"I'm not riding for America, lady. I tried that once. ... and I got beat by opinions"That's sort of how I feel right now about the Tour de France. I'm excited that Floyd won, and I'm excited that the U.S. has produced another Tour champion. But to listen to the sportscaster on Channel 9 this morning, or the lady at work who just accosted me in the hallway, you would think that Floyd won by riding faster than 150 French cyclists.
That's how the popular media is portraying it: Floyd beat the French. Never mind that his team is Swiss, his bike is Swiss, and he only rides with two other "Americans" -- and one of them is Canadian! (And neither rode the Tour.) For some reason, this is some sort of big deal that an "American" beat the French in their race.
I look at it another way: the best guy won. Sure it's great that he's from Pennsylvania by way of California. Yeah, it's kind of neat he has a Chicago-area connection. But I respect more that he rode out of his mind on Thursday to haul himself back into contention than I do that he's an "American." I'd respect anyone who did that, regardless of the accident of his birthplace, and would be just as excited for that rider as I am for Floyd.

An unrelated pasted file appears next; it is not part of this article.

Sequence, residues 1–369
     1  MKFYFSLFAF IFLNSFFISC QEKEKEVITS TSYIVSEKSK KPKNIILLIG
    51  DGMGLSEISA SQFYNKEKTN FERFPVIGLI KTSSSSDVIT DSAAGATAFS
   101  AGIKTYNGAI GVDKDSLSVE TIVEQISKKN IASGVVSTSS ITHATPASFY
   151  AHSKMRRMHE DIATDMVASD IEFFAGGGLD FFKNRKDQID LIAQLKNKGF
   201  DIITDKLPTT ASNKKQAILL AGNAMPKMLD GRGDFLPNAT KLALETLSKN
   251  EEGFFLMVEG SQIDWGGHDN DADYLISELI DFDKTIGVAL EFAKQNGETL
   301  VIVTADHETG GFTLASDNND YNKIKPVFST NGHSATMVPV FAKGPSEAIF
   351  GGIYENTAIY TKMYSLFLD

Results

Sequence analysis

(Well, mostly. If Robbie McEwen were ever in the fluke circumstance of donning the Yellow Jersey in Paris, I would not be excited at all.)
And I hate to tell ASO and Jean-Marie LeBlanc, but they already know the truth: The Tour is no longer a French race. Hasn't been for nearly two decades. That's like saying the just-finished World Cup was a German soccer tournament. The Tour is bigger than one person, bigger than the sport, bigger, even, than the country that hosts it. So bravo, Floyd, congratulations. You deserve all the accolades and Champagne you can get. But I have to ask -- did you do it for America?
ONLY 146 DAYS TO NATZ!!